I have been in finals mode for the last couple weeks: staying up late and sleeping in, showering only when I remember to, not keeping my beard well-groomed and, much to the chagrin of my bride, not doing a great job keeping the house in cleanly order. But I always like this time of the year, especially when the final projects involve a synthesis of learning and reflecting back on the content of the semester. One of the projects I completed this semester was a Genogram, which is sort of like a family tree but with therapeutic details like relationships that are distant or fused, mental health and substance abuse issues, loss and grief, etc. Along with the assignment I wrote a reflective piece and I thought I’d share part of it here. It feels slightly odd to share something this personal in a publicly visible place but I decided long ago that part of my writing and career would always be to maintain a brutal sense of honesty and genuine vulnerability. Besides, it’s not like anyone actually reads this thing.
I spent some time on the phone with my father as part of this project and gained a fascinating perspective about my motivation to build a career in the field of psychology. I was raised in a fairly conservative evangelical Christian tradition that I later rebelled against. I felt forced to believe something that never made sense to me. This has created an occasionally contentious relationship with my father as I struggle with the faith tradition to which he has committed his life’s work. One of my lifelong concerns has been a desire to build a career and accomplish things that would elicit pride from my father, the desire of any son. I tried both of his career paths, church ministry and teaching public school, and neither one of them fully made sense to me. One of the biggest things that excites me about a career in psychology is that my job will never be to convince anyone of anything. Rather, my role will be simply to listen, provide education, and try to objectively empower and guide people toward making their own decisions. I was raised in a faith tradition that taught me the only way to truly save people was to convince them to believe in Jesus. That was so exhausting for me and I lived under a constant state of chronic stress that I wasn’t doing enough to save the world in the name of Jesus. It has been hard for me to understand how my father could be happy in that type of ministry. I was inadvertently projecting my own baggage onto him and his life’s work.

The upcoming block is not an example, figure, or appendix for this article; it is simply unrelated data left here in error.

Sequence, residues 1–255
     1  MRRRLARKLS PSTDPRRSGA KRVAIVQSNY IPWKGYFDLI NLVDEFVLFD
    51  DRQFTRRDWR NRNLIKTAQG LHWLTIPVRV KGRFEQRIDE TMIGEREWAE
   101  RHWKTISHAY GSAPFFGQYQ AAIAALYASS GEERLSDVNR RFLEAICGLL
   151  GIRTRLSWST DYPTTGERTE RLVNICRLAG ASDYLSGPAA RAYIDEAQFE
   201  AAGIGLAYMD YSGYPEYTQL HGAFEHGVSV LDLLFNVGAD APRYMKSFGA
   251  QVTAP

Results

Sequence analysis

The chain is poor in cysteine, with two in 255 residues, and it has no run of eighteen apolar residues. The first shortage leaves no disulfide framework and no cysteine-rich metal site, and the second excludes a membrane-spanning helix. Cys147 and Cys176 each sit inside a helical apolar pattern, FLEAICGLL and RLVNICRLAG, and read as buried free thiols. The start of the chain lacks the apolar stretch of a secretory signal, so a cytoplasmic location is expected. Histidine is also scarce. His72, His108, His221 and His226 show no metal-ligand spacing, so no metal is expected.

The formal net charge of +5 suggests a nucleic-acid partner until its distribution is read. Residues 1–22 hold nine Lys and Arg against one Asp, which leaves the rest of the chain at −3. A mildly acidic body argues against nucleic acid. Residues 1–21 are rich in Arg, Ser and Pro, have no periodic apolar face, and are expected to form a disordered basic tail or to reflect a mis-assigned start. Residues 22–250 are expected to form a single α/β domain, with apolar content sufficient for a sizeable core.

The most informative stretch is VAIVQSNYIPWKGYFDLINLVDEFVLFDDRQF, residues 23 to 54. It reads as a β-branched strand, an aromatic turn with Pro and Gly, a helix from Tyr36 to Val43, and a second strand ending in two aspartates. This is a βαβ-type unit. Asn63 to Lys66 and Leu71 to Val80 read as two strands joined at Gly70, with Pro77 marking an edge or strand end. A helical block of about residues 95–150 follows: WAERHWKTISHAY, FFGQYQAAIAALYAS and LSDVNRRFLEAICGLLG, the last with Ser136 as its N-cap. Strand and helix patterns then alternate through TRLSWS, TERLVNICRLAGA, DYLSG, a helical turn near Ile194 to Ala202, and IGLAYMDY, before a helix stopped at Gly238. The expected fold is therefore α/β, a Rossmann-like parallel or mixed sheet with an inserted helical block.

I learned that a few years ago my father completed a similar project as part of one of his classes in a Doctor of Ministry program. In talking with him about the project, I understood why Christianity is so important to my father. It’s the same reason Psychology is important to me. It helps to make sense of life. My father saw multiple people in his family experience redemption through Christianity, leading to more healthy and fruitful lives. The story of and belief in Jesus was redemptive for him and he has helped many other people throughout his life to experience that same healing and redemption because it also made sense for them. What was redemption for him, however, resulted in feelings of bondage for me. I felt bound to behave a certain way, to believe certain things, not ask certain questions, and get everyone in my life to think and believe the same way even if it didn’t really fully make sense to me. I just needed to have faith and press on.
As it turns out, my father and I are quite similar though our paths may look different. His job is to meet with people individually and provide counsel, share teachings to larger groups on a regular basis, and publish his thoughts in writing. That is exactly what I want my career to look like. The process will be the same but the substance will be slightly different. Conceptualizing my relationship with my dad in this way allows me to move beyond my boyhood desire for his approval and begin to learn from him as a fellow adult. As I move beyond those boyhood insecurities and feel confident in my career choice for myself, I begin to see that there is much I can learn from my father. He has spent the last 20 years ministering to people and has countless lessons from which I can learn in my quest to build a successful career in Psychology. I hope that we can continue to learn from each other.